Ex-Border Patrol agents get 30 years for smuggling illegals
2 former agents will serve time for running a ring that smuggled more than 500 illegal immigrants into the U.S.
By Julie Watson
SAN DIEGO — A federal judge on Friday sentenced two former Border Patrol agents to at least 30 years in prison for running a ring that smuggled more than 500 illegal immigrants into the United States.
U.S. District Court Judge John Houston sentenced Raul Villarreal to 35 years in prison for being the ring leader and ordered him to pay a $250,000 fine. His brother, Fidel Villarreal, was sentenced to 30 years for managing the illicit business.
The sentences are among the longest given to border law enforcement officials for corruption.
Houston said he gave the severe sentences to deter other agents who have been entrusted by the American people to protect the border. The judge called their smuggling operation "disgusting" and a threat to national security.
Prosecutors said Raul Villarreal — who made television appearances as an agency spokesman and once played the role of a smuggler in a public service ad — recruited his brother to his ring. The veteran agents worked in cahoots with a corrupt Tijuana police officer and a network of others, including foot guides and drivers.
The agents would abandon their job duties manning the border to transport the migrants in Border Patrol vehicles — sometimes several times a day from the Mexican city of Tijuana to a rugged mountainous area along the California border, federal officials said. Prosecutors said they smuggled in as many as 1,000 Mexicans and Brazilians; the judge put the figure at more than 500.
The ring smuggled in immigrants in groups of 10 and charged them about $10,000 per group, said prosecutors who alleged the brothers made more than $1 million from the scheme. The judge put the figure closer to $700,000.
"This long-term guaranteed method of bringing aliens into the United States was disgusting, pervasive and impacted significantly the national interest," Houston told the court before handing down their sentences.
Raul Villarreal thanked the court for giving him a "good trial, a fair trial." His brother echoed that. They did not show any emotion when the sentences were announced.
The federal probe began in May 2005 when an informant tipped off the U.S. Immigration and Customs Enforcement. Investigators installed cameras in areas where migrants were dropped off, planted recording devices and placed tracking instruments on Border Patrol vehicles. They also trailed the ring's smuggling operations by airplane.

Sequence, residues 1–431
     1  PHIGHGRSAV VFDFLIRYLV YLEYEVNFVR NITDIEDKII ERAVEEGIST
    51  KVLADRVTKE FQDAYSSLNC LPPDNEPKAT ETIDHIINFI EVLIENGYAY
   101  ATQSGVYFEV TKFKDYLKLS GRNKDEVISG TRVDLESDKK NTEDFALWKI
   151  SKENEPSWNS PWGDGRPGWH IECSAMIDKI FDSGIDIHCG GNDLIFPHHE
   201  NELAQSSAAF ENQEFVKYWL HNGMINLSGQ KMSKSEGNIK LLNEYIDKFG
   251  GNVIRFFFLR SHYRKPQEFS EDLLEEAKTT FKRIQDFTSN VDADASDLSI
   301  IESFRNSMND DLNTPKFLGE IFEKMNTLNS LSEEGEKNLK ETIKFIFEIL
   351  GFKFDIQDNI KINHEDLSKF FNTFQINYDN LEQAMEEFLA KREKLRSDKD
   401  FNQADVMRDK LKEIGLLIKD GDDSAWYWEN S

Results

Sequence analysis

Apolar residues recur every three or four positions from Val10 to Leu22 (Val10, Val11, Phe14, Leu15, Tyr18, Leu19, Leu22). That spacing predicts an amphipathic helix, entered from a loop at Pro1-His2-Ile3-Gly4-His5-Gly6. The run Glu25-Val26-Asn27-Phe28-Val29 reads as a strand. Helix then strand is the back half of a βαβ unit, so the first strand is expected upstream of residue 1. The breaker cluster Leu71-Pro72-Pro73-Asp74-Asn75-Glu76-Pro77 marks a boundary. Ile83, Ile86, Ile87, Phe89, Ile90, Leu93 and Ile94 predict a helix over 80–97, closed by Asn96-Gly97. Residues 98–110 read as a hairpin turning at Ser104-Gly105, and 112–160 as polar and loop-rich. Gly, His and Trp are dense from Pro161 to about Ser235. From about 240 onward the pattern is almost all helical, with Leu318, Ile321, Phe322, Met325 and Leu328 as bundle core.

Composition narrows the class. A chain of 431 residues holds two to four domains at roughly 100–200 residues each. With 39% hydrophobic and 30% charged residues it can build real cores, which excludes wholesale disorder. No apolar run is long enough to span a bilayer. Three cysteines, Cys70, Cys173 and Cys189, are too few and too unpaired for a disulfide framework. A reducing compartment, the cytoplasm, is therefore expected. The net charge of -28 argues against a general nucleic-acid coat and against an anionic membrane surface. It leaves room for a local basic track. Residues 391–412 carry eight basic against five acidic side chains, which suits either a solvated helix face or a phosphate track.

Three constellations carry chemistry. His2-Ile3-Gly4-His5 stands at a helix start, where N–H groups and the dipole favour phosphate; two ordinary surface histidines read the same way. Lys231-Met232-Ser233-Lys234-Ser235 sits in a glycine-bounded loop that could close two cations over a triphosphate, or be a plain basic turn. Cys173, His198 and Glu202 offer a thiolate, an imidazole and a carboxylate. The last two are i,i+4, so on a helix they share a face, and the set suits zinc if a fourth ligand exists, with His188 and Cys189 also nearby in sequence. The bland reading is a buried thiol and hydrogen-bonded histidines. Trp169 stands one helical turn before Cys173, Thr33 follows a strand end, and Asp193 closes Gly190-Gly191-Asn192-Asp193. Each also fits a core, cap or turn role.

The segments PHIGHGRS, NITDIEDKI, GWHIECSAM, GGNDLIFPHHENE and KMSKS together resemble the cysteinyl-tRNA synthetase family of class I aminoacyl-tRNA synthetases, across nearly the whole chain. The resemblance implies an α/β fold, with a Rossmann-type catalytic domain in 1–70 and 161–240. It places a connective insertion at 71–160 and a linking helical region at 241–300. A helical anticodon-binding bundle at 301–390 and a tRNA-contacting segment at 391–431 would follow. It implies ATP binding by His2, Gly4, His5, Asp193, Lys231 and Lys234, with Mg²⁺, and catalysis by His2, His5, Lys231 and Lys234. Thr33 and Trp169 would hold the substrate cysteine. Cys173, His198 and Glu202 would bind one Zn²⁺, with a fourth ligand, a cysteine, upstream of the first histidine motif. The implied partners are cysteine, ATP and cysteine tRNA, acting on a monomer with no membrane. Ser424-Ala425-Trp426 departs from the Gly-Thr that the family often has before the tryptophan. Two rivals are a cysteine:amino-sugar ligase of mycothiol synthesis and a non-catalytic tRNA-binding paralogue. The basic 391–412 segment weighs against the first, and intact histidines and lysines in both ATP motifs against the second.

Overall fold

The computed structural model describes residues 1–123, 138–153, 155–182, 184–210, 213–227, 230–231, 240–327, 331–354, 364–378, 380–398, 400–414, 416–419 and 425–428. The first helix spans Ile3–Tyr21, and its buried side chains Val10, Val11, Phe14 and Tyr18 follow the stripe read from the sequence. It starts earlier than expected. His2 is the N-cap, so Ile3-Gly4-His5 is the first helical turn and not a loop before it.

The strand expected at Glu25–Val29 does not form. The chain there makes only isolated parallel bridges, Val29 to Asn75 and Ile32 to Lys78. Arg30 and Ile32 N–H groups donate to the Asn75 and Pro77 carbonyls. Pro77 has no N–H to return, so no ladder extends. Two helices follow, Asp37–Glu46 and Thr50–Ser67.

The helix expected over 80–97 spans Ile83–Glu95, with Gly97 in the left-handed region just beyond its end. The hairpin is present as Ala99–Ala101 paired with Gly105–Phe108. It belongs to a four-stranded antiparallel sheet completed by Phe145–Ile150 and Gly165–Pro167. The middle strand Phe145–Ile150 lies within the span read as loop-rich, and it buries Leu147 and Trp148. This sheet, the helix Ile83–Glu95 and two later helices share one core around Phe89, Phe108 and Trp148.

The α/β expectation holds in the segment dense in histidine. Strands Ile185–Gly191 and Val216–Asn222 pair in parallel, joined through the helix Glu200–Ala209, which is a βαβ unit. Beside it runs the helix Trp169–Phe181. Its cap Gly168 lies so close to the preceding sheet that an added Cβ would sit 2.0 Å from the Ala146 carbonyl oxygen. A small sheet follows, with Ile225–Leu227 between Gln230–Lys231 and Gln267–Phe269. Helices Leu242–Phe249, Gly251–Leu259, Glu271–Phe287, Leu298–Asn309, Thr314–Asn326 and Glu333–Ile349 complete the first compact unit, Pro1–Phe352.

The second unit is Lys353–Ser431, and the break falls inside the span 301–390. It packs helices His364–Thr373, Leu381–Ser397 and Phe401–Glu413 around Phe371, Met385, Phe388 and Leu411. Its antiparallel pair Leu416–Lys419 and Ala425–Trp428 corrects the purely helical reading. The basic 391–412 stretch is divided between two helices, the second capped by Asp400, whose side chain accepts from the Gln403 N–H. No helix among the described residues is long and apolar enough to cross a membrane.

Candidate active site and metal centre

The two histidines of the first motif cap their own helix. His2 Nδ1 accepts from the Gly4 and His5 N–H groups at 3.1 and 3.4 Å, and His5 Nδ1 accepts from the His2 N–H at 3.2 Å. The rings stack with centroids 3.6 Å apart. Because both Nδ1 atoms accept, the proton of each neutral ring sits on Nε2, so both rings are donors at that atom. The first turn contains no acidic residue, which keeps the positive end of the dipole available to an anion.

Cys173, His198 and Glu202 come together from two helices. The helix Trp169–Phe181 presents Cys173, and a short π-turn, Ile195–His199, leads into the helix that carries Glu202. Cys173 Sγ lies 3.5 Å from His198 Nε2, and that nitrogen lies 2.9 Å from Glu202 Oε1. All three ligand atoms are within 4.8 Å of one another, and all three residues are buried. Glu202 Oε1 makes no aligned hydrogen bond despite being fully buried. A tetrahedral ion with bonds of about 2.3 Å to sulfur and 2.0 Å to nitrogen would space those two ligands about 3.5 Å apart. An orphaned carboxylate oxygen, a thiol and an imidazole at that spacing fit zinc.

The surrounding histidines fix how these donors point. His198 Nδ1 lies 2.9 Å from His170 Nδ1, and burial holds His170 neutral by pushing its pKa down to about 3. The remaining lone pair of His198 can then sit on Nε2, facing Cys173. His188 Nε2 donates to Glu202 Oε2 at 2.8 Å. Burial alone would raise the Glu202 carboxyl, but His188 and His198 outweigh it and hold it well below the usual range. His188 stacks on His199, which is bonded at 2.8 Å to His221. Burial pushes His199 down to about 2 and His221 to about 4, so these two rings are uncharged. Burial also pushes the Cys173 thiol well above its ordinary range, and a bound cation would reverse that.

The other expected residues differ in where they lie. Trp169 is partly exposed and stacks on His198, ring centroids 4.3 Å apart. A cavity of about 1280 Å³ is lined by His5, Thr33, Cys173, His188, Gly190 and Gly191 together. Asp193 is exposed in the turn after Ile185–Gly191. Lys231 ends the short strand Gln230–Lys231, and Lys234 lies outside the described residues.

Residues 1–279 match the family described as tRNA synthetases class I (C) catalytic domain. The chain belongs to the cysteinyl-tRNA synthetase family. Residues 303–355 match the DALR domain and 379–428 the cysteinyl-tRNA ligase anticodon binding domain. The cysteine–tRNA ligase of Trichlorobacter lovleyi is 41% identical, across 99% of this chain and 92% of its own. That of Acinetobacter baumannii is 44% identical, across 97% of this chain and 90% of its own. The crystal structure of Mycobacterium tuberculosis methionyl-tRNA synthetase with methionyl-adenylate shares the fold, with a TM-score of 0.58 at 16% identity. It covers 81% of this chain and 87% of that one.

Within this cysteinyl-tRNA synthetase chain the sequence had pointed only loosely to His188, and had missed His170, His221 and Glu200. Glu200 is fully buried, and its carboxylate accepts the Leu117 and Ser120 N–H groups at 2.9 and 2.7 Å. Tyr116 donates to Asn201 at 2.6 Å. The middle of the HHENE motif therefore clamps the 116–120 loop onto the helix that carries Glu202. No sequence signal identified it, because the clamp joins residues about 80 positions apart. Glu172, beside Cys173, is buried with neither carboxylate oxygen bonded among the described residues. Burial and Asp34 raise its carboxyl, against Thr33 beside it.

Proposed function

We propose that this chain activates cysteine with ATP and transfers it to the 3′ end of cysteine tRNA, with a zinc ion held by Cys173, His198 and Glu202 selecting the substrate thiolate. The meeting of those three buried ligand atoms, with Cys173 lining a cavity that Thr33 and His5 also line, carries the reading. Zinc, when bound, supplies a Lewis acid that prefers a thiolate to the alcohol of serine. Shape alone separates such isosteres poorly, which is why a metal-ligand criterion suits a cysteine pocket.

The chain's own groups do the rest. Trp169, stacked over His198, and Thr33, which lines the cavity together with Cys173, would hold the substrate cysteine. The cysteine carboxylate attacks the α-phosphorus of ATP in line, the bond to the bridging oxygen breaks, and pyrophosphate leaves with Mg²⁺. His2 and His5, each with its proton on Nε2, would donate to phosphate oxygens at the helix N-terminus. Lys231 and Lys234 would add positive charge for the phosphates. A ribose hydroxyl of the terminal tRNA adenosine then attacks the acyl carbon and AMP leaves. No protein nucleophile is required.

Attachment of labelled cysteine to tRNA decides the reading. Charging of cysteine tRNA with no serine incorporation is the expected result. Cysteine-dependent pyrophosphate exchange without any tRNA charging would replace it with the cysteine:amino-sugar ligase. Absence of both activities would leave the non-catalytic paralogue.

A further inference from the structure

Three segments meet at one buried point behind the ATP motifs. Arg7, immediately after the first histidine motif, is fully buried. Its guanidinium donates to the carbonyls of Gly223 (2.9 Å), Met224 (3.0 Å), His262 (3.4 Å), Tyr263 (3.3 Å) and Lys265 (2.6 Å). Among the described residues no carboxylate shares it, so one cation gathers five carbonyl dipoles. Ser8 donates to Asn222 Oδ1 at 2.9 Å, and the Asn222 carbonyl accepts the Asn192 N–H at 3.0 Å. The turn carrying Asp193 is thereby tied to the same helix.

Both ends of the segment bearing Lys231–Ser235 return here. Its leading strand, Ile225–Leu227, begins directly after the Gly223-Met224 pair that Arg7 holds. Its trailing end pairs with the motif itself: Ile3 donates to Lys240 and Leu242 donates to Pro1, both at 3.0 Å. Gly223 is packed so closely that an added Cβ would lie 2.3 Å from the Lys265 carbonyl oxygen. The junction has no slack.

Prosecutors said when the brothers learned they were being investigated in June 2006, they quit their jobs and fled to Tijuana.
Two years later, the brothers were arrested there and extradited to the U.S. where they were charged with human smuggling, witness tampering and bribery.
Raul Villarreal's attorney, David Nick, had argued the prosecution's witnesses were not credible and surveillance yielded no evidence his client was the ring leader.
Fidel's attorney, Zenia Gilg, echoed that argument, saying the prosecution's case rested largely on two alleged accomplices who were promised leniency for testifying and "inconsistent statements" from migrants.
Gilg said an appeal will be filed.
"I was just disappointed," Gilg said after the sentencing. "The one thing I'm troubled by is the credibility that was given to the government's lead witness (an alleged smuggler). I felt the jury had rejected everything he said."
The Border Patrol has suffered a string of such embarrassments since doubling its size in less than a decade, including the case of an agent who pleaded guilty in April to smuggling marijuana while on duty along the Arizona-Mexico border.
But prosecutors and Judge Houston said the Villarreal case stands out as being among the worst corruption cases.
"They used their positions as Border Patrol agents to line their pockets," Assistant U.S. Attorney Timothy Salel said, adding later: "Unlike other corruption cases where agents have been led astray to join an organization, these agents created the organization. They called the shots. They were the ring leaders."
The defense asked the judge to request that the brothers be locked up at the same prison, but Houston declined.
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